Download CS100A Lecture 21 12 November... Prelim 3 Programming assignment 9: Tuesday evening, 17 November, 7:30--9PM

Survey
yes no Was this document useful for you?
   Thank you for your participation!

* Your assessment is very important for improving the work of artificial intelligence, which forms the content of this project

Transcript
CS100A Lecture 21 12 November 1998
•Prelim 3
Tuesday evening, 17 November, 7:30--9PM
Uris Auditorium
•Programming assignment 9:
– a “control” program
– threads of execution
CS100A, Lecture 21, 12
November 1998
1
Prelim 3 Coverage
1. You should KNOW
linear search (lecture 14, slide 4)
binary search (lecture 14, slides 5--9)
selection sort (lecture 15-17, slides 2--3)
insertion sort (lecture 15-17, slide 4)
partition (lecture 15-17, slide 5-6
exponentiation (lecture 15-17, slide 17)
For example. if we say “What is selection sort?”, you state
the problem, give the loop invariant, and develop the loop.
2. One-and two-dimensional arrays in Java.
3. Loops (and invariants), especially those that use arrays
4. Matlab: --know the basics and be able to write simple
Matlab program segments.
5. Everything that was on prelims 1 and 2: See
(a) Slide 2 for lecture 13 (15 October)
(b) Slide 12 of lecture 8 (24 September)
CS100A, Lecture 21, 12
November 1998
2
Real-time application
Often software that is running on a host computer,
communicating with several microprocessors, each of
which senses some physical property or controls a
device.
Communicate through a fixed memory location in the
host, called a register.
Program Status word (psw) used to synchronize. E.g.
Host might do the following:
Set bit C of psw to 1
Wait for C to be set to 0 (by a microprocessor)
Read the register
We simplify communication using a method readValue.
CS100A, Lecture 21, 12
November 1998
3
Your Assignment: Simulating Cruise Control
Clock: Ticking away
The accelerator: Will be switched on and off by the
program
The desired speed: something you change by inputting a
value.
The road grade: something that you can change by
inputting a value.
The current speed: maintained by your program.
The main program: The host: Behind the scenes,
controlling the other components.
CS100A, Lecture 21, 12
November 1998
4
Threads of Execution
Computer executes one sequence of instructions at a
time, so don’t we need 6 computers, one for each of the
components?
We simulate the system using one computer using
threads of execution.
The computer alternates among these threads, giving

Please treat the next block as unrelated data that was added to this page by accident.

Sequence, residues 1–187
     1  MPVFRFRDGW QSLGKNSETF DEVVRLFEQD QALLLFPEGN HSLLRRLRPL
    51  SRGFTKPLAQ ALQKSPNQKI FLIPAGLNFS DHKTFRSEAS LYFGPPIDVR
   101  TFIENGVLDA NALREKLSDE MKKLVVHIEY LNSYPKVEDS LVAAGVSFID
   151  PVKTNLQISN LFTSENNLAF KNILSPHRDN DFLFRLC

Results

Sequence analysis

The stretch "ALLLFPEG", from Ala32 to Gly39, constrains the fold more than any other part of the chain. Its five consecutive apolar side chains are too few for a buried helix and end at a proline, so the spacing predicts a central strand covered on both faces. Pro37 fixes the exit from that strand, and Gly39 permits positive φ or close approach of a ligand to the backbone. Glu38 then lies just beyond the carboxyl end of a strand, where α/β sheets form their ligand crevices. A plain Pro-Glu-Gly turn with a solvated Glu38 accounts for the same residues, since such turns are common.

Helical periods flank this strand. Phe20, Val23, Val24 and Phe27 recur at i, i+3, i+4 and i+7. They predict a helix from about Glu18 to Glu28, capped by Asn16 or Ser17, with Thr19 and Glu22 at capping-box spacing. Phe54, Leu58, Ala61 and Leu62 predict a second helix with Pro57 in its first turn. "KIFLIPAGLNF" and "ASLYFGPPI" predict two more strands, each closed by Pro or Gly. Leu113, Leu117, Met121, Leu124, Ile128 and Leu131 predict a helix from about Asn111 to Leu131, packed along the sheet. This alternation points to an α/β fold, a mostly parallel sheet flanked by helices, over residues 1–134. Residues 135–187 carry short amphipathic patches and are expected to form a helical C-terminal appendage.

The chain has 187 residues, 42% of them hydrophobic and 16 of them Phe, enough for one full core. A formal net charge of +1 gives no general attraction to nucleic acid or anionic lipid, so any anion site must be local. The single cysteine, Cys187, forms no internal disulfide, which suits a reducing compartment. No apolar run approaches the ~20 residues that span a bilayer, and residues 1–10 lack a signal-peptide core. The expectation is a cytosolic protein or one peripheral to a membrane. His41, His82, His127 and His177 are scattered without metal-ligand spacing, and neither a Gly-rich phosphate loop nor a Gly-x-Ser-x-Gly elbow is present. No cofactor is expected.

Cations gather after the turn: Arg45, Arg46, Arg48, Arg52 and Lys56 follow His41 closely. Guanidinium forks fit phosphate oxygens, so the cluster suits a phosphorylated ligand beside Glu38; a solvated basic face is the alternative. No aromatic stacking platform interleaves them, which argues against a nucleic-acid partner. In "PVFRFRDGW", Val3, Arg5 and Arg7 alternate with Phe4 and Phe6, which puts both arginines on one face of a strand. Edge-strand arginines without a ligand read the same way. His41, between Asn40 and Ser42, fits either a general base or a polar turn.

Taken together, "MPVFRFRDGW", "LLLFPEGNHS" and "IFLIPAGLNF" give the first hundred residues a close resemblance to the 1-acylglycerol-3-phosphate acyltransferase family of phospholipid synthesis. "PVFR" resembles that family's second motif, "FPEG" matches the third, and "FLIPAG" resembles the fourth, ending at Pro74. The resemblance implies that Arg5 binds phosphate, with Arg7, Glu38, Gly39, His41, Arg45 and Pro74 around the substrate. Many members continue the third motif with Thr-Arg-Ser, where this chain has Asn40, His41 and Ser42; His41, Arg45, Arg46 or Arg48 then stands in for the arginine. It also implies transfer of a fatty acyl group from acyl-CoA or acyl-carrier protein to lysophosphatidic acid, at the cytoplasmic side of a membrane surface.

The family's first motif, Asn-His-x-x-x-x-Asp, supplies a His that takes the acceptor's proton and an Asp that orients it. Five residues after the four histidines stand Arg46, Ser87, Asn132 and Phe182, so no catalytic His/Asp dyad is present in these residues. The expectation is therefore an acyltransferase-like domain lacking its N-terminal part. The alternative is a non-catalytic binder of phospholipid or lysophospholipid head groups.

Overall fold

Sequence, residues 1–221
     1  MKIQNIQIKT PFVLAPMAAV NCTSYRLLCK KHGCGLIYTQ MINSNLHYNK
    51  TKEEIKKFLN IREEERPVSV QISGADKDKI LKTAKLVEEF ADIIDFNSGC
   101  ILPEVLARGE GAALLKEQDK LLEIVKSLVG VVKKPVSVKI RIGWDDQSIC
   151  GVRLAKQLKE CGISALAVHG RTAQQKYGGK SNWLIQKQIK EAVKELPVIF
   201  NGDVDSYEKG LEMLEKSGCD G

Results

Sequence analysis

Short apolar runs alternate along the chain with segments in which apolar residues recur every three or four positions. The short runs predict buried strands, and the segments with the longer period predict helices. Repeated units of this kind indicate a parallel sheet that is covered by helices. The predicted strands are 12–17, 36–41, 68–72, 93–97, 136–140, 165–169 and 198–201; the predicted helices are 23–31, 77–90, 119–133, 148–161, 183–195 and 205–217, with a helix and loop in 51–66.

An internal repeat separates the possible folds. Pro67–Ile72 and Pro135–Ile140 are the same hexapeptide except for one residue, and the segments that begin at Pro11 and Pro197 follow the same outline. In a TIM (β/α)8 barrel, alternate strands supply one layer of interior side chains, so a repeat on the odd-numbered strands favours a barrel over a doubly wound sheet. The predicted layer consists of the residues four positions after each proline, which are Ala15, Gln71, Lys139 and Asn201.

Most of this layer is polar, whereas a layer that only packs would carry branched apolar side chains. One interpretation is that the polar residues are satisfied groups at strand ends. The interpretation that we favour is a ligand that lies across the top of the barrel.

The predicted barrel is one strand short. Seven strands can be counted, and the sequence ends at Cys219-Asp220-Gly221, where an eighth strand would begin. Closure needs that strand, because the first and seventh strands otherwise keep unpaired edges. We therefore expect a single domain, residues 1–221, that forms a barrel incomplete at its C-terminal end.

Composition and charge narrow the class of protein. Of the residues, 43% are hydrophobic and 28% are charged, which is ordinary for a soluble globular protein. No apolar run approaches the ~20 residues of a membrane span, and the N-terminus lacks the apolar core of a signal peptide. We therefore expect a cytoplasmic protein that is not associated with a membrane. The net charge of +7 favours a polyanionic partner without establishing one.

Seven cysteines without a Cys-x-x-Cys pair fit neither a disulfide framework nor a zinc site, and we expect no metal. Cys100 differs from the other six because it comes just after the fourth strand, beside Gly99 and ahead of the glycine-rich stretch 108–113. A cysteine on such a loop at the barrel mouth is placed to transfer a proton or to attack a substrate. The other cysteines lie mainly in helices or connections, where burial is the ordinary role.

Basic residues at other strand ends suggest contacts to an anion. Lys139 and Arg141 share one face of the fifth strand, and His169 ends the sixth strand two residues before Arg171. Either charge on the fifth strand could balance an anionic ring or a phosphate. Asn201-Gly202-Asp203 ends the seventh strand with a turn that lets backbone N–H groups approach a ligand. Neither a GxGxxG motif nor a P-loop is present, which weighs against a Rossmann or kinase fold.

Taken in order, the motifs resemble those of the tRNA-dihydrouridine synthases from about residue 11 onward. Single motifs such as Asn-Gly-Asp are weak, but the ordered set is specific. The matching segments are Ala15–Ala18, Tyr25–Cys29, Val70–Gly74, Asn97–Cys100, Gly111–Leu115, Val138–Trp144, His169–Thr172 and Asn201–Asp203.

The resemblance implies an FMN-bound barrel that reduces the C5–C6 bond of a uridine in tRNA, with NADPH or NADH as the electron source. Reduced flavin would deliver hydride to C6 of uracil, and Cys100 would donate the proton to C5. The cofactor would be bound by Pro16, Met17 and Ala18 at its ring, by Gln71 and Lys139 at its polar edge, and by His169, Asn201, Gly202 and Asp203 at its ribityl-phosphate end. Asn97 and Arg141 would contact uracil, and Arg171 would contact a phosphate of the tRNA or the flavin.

each some execution time, but so fast that it looks to us
like they are executing in parallel.
Clock
Desired speed
real speed accelerator
CS100A, Lecture 21, 12
November 1998
5
Thread of execution
public class SystemClock extend Frame
implements runnable {
haven’t
discussed
// Class must have this method. It is called by system
// start execution of the thread
public void run( ) {
Sequence of instructions making up the thread
}
}
public class MainClass {
static SystemClock c;
static Thread cThread;
static public void main ( ) {
c= new SystemClock( );
cThread= new Thread(c);
// Call method start of cThread; in turn, that method
// will call method run of c to start the thread running
cThread.start( );
...
}
CS100A, Lecture 21, 12
6
}
November 1998
Synchronization
Two threads may need to synchronize --pause during
execution until they are at appropriate places.
Example: The accelerator thread may want to wait for
the next clock tick (handled by thread SystemClock)
before proceeding.
•c.wait: wait for c’s thread to execute a notifyAll call
•Within c: execution of notifyAll( ) tells the system
that all threads who have executed c.wait can now
continue.
•Property synchronized on a statement or method
within a class indicates that no other method or field of
this class can be executed while this statement or
method is being executed.
CS100A, Lecture 21, 12
November 1998
7
Synchronization
SystemClock c;
…
// Wait for next tick of clock c
static public void sleep ( ) {
synchronized(c) {
c.wait ( );
}
--------------------------------------public class SystemClock ( ) {
public void run ( )
…
// Each iteration of the this loop “sleeps” for 5 seconds
// notifies all waiting threads that they can continue,
// and adds 1 to the clock counter
while (true) {
Thread.currentThread ( ).sleep(5000);
synchronized(this)
{notifyAll( );}
counter= counter+1;
}
}
}
CS100A, Lecture 21, 12
8
November 1998